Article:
Currently trauma is defined less in terms of the personal (the individual) and more in terms of the collective (the social-political) with its potentially insidious soul-destroying qualities. This is Maria Root’s concept of everyday or “insidious trauma.” Root here is referring to the “traumatogenic effects of oppression,” racism, marginalization, and hegemony.
José Vívenes is a Venezuela-based painter. His work reconsiders the gaze given to collective references. Vívenes assumes painting as a means of communication to reflect on the complex circumstances that his country, Venezuela, is going through.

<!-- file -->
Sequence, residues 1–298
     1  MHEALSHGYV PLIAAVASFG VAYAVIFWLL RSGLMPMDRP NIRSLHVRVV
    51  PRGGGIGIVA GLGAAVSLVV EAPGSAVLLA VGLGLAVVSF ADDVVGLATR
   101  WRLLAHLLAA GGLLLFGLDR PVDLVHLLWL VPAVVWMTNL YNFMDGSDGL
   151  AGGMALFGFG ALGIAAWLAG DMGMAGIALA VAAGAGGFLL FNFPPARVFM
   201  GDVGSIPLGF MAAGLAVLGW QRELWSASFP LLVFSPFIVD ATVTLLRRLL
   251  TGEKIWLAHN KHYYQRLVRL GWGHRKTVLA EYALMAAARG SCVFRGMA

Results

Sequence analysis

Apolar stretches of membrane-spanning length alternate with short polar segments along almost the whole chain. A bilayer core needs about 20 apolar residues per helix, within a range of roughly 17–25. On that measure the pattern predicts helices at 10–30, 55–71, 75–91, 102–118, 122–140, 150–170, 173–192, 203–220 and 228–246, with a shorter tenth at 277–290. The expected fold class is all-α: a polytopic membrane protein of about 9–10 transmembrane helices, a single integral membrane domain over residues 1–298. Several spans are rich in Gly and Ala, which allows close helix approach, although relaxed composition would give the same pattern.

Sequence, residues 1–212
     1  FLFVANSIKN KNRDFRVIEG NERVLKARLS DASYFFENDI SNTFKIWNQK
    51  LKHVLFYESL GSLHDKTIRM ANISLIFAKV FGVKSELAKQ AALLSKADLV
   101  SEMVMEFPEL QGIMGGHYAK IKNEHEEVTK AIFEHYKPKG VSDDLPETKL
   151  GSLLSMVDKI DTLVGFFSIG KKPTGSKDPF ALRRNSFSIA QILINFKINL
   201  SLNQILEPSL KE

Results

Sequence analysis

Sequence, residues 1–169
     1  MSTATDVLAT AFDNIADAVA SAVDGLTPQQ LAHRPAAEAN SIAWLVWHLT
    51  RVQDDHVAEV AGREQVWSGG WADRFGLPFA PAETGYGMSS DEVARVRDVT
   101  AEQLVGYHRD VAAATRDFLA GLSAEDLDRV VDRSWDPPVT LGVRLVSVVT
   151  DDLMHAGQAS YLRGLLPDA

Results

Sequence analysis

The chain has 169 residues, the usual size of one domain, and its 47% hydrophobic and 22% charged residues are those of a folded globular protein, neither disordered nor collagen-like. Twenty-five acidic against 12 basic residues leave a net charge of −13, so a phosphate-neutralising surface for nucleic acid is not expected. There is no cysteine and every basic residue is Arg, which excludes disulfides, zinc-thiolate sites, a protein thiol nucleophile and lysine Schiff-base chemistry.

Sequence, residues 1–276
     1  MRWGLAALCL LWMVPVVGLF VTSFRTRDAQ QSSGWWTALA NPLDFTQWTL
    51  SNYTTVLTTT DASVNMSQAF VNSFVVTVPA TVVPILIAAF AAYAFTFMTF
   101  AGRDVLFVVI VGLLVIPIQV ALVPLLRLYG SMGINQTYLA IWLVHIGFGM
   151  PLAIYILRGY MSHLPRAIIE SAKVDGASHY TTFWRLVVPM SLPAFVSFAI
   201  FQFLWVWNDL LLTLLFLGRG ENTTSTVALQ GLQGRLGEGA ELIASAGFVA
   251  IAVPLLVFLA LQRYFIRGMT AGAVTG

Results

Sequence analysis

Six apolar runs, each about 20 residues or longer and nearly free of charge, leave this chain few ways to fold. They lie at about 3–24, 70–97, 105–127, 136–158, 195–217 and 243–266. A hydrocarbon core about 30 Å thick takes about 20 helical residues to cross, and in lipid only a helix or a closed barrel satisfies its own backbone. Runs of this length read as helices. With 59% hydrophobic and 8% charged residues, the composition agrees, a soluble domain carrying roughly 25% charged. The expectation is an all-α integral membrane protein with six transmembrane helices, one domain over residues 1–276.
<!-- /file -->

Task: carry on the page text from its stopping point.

Disordered was a collaborative, participatory street art project designed to destigmatize mental health challenges like depression and anxiety, and reframe health as a societal issue. The project took the form of conversations, stickers, signs, and a mural in public spaces around New York City. Through a combination of social practice and guerrilla strategies, Disordered intervened in public places, creating a space for personal interactions about the connections between mental health challenges and societal issues. It pushed ideas about how our history, culture, political, and economic systems affect our health in order to inspire personal, social, and political transformations.